The other day I was approached with a very peculiar query. The person wanted to know the difference between "et al." and "etc." The person also added, and I quote, "if there is any!" The term "et al." is an abbreviation for the Latin term et alia that means and others, the others being people and not things. It is affixed after the name of a person, e.g., a researcher to indicate that additional people were involved in the work or were acting in the same manner. For example, in the sentence "The work was completed by Shimazu et al.," the term et al. indicates that Shimazu and others (his co-workers or colleagues) were involved in completing the work. On the other hand, the word etc, the abbreviation of et cetera, means and the rest or and so forth. It is used at the end of a list to indicate that the list is not complete and only some of the involved items have been mentioned. Further, when a list is introduced using "such as" or "e.g.," the use of the term "etc" is redundant.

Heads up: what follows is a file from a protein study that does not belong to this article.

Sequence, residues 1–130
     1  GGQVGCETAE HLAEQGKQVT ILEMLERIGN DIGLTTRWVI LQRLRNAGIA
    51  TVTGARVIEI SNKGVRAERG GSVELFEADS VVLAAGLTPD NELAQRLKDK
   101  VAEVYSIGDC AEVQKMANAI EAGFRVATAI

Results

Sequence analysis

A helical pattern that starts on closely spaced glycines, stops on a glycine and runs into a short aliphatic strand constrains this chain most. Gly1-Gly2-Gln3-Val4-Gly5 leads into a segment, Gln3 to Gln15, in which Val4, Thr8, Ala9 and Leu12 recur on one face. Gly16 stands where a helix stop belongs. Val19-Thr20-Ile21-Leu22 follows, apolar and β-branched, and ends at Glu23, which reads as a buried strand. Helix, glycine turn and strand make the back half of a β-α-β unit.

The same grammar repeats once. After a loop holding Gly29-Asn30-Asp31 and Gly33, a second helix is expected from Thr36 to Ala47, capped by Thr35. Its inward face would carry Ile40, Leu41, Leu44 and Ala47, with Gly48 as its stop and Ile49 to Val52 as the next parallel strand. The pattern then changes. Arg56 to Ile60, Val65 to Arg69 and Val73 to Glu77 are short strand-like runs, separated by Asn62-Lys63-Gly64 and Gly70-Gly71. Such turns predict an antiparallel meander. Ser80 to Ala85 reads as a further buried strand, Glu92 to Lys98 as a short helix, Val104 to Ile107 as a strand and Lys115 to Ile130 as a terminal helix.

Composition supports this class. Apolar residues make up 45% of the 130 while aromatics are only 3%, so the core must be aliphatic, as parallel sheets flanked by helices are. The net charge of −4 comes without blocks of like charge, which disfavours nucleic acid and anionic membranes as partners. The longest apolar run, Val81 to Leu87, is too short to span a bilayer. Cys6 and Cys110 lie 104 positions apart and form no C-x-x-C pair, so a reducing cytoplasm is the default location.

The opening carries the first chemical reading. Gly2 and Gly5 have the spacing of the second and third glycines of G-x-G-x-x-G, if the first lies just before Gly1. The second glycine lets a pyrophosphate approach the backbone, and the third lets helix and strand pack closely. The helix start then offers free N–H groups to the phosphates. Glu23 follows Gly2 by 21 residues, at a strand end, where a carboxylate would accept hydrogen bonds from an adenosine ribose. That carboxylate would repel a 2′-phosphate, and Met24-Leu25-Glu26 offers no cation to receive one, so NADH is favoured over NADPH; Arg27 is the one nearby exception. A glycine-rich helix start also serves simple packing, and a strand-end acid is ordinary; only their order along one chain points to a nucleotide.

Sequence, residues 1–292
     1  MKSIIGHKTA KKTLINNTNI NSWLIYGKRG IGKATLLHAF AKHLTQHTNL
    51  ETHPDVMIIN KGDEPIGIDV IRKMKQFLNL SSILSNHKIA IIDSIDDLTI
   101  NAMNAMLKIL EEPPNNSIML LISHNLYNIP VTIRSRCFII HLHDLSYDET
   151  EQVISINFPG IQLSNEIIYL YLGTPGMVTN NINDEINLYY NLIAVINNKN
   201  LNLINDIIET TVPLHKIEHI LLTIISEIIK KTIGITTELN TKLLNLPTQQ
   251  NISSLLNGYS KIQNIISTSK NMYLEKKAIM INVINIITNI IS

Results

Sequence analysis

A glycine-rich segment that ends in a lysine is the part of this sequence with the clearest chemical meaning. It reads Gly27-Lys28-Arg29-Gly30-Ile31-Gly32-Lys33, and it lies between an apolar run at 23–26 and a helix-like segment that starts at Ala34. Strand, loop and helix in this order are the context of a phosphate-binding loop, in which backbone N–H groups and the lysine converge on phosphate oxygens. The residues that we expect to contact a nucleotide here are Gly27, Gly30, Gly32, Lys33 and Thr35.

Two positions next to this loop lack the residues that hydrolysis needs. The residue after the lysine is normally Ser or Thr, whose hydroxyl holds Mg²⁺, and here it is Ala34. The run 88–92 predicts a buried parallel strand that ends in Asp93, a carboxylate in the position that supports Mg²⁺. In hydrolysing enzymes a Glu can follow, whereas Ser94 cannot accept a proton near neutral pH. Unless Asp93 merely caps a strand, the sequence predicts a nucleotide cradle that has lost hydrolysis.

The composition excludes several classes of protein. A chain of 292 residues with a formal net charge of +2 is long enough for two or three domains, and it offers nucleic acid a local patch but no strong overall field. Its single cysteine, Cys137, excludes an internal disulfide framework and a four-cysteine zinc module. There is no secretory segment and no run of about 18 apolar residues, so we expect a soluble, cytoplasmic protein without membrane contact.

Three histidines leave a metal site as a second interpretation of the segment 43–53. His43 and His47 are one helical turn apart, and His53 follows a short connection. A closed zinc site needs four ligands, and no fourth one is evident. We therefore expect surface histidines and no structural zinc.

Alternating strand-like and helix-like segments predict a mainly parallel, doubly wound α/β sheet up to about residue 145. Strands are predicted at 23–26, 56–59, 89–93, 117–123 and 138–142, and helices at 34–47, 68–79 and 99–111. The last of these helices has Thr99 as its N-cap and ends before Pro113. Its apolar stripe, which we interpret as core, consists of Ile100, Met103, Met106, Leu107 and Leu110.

Incorrect: It was reported that some metal ions such as zinc, copper, and vanadium, et al. were useful in the therapy for diabetes mellitus.
Correct: It was reported that some metal ions such as zinc, copper, and vanadium were useful in the therapy for diabetes mellitus.
Also Correct: Zinc, copper, vanadium, etc. were the metal ions reported to be useful in the therapy for diabetes mellitus.
In the above example, since the reference is being made to elements and not people the use of the term et al. is incorrect.
[This is part of a series of posts, titled Useful Links, which shall feature "essential" online tools, discussions, blogs, essays and references that we find over the Internet.]
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